Disappointingly there was not at all that much creativity in this cut-scene. I saw an impressive depiction of the interior of a ship, the view rocking back and forth to convey the crashing of the barge against the sea. I witnessed the Carthaginian armies set anchor on the Italian coastline and a massive, bloody battle to round it all off, but nothing exactly creative. There was very little renaming, very little necessities to factor into creativity. Also, what really turned me off was the use of pre set map revealers that annoyingly blink green on ownership. In addition you will see Carthaginian armies clash against the Roman lines, Roman reinforcements surround the Carthaginians and a Phyrric Victory for the Romans at the days end, a victory at great cost.
Map Design: (4.0)
The map design was overall good to say the least. The author certainly has a handle of terrain mixing and Gaia to further enhance the beauty and detail of his design. The use of dirt and grass is well mixed and with leaves and trees in between making for a realistic and well-presented touch. The setting of the terrain is realistic for Italy, a dry, harsh backdrop forming the fields of battle and of hills and beaches. Rocks, plants, flowers and things like Roman ruins give a nice touch to the land, adding story and a good sense of theme, a good touch of detail to avoid boringness and conformity. However in more than one area did I encounter terrain that fell short of the standard that I had witnessed in the other parts of the design. The beach for example could do with less, more varied hills and a greater attention to the mixing of the dirt and desert itself. On the battlefield there were several signs which in itself is unrealistic, and some dabs of grass 2 which should be removed as it is out of place and also unrealistic for the area since the rest of the terrain is rather dry. On top of that the Roman fort seemed poor with an unrealistic hill in the centre of it and with randomly placed buildings. In conclusion excellent use of elevation, good terrain mixing and use of Gaia, but the standard simply fluctuated too much to be given an overall perfect rating in this category. A job well done nonetheless.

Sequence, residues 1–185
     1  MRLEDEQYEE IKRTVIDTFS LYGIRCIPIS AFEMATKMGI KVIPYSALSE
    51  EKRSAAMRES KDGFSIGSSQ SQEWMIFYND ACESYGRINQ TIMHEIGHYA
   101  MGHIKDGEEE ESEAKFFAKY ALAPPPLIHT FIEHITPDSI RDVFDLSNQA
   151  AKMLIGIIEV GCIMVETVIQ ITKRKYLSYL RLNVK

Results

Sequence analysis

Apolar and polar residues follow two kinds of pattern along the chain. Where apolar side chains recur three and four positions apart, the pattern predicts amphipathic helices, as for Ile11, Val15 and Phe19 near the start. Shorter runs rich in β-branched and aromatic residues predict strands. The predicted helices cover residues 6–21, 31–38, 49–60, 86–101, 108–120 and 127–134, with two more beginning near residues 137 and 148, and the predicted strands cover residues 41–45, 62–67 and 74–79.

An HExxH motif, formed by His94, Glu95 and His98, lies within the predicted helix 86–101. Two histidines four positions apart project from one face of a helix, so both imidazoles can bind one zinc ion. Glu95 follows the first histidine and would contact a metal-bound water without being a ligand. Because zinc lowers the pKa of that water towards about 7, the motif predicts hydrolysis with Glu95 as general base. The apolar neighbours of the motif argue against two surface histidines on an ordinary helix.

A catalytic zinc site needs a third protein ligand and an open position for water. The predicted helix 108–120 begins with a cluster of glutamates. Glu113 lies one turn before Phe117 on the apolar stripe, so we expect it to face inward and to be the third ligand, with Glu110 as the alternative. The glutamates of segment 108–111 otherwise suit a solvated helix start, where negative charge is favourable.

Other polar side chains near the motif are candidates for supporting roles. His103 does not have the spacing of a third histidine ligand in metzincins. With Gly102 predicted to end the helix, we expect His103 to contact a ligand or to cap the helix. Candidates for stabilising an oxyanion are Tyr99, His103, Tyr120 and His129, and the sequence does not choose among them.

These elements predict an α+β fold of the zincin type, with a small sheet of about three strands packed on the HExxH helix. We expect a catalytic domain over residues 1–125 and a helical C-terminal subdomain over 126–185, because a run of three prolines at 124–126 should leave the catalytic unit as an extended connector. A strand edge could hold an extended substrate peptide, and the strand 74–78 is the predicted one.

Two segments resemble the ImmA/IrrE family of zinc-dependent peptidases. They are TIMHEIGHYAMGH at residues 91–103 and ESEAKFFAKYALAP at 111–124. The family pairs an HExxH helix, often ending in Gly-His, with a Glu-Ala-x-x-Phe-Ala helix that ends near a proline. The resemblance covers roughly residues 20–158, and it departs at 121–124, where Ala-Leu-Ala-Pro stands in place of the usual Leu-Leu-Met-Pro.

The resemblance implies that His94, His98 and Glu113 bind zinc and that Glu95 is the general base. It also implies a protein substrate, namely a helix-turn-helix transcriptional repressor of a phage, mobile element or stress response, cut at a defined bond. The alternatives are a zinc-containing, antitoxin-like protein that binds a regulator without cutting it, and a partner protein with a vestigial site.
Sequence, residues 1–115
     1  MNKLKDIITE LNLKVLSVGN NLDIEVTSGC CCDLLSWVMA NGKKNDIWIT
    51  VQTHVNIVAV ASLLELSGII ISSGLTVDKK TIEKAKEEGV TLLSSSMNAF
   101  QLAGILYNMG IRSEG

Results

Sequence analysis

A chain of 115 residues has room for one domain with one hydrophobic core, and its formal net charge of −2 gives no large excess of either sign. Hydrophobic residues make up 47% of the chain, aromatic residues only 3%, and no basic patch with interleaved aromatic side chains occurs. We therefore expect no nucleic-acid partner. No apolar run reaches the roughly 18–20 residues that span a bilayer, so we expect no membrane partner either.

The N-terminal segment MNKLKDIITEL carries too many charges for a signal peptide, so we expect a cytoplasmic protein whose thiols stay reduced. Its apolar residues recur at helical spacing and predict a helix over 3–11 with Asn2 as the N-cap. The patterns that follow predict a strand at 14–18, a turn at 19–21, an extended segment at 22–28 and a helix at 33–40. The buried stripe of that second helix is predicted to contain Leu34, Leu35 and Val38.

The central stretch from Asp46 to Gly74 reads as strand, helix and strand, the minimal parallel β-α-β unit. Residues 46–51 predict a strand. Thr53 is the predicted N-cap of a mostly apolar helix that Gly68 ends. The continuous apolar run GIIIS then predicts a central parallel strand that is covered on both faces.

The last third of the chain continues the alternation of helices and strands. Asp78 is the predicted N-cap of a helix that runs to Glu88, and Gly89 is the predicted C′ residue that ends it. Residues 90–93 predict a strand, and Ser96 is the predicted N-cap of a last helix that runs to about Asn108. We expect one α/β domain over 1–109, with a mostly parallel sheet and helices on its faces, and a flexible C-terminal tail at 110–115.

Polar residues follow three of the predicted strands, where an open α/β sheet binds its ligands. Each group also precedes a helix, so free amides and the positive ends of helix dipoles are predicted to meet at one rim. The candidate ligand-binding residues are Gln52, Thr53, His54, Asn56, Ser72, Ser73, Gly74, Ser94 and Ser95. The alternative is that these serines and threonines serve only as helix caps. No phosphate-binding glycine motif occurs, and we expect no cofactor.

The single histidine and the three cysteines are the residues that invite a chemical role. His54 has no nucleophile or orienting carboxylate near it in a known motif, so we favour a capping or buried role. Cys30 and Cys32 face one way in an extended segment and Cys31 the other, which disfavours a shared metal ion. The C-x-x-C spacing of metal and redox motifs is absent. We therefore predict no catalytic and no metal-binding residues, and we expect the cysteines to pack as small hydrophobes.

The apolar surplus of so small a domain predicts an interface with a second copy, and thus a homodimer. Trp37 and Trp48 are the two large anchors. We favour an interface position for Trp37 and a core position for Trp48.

Story/ Instructions: (4.0) -
The story was reasonable, but I felt it did not go anywhere. It built up some expectation and was suddenly cut off. This is perhaps the worst part of the cut-scene since naturally the story is the main part of a cut-scene. We watch a cut-scene to see a story unravel, usually to raise expectations of a further sequel, but this cut-scene is more a movie, a movie because it is on its own, not a prologue introducing a campaign. It is simply a single story, and I felt that because this is so the story, being the main aspect of the cut-scene, would need to be thorough and fulfilling. In this case it is not, it unravels, but does not finish, rather is cut off leaving it open for a further sequel. This is my underlying reason for giving this category a minus, basically a deduction of half a mark. In Instructions there is an interesting and well-written story immediately introducing us to the side of the Carthaginians, and soon the Romans, but is perhaps too brief than what it should be. In addition good instructions with cut-scene setting recommendations and some good dialogue from the perspective of a narrator. I encountered a few spelling mistakes. “Vicory” should be Victory, “cutscene” should be cut-scene and “Phalnaxes” should be Phalanxes.
In a word – Reasonable.
In closing – A recommended download for classical history enthusiasts.
[Edited on 07/02/08 @ 10:41 PM]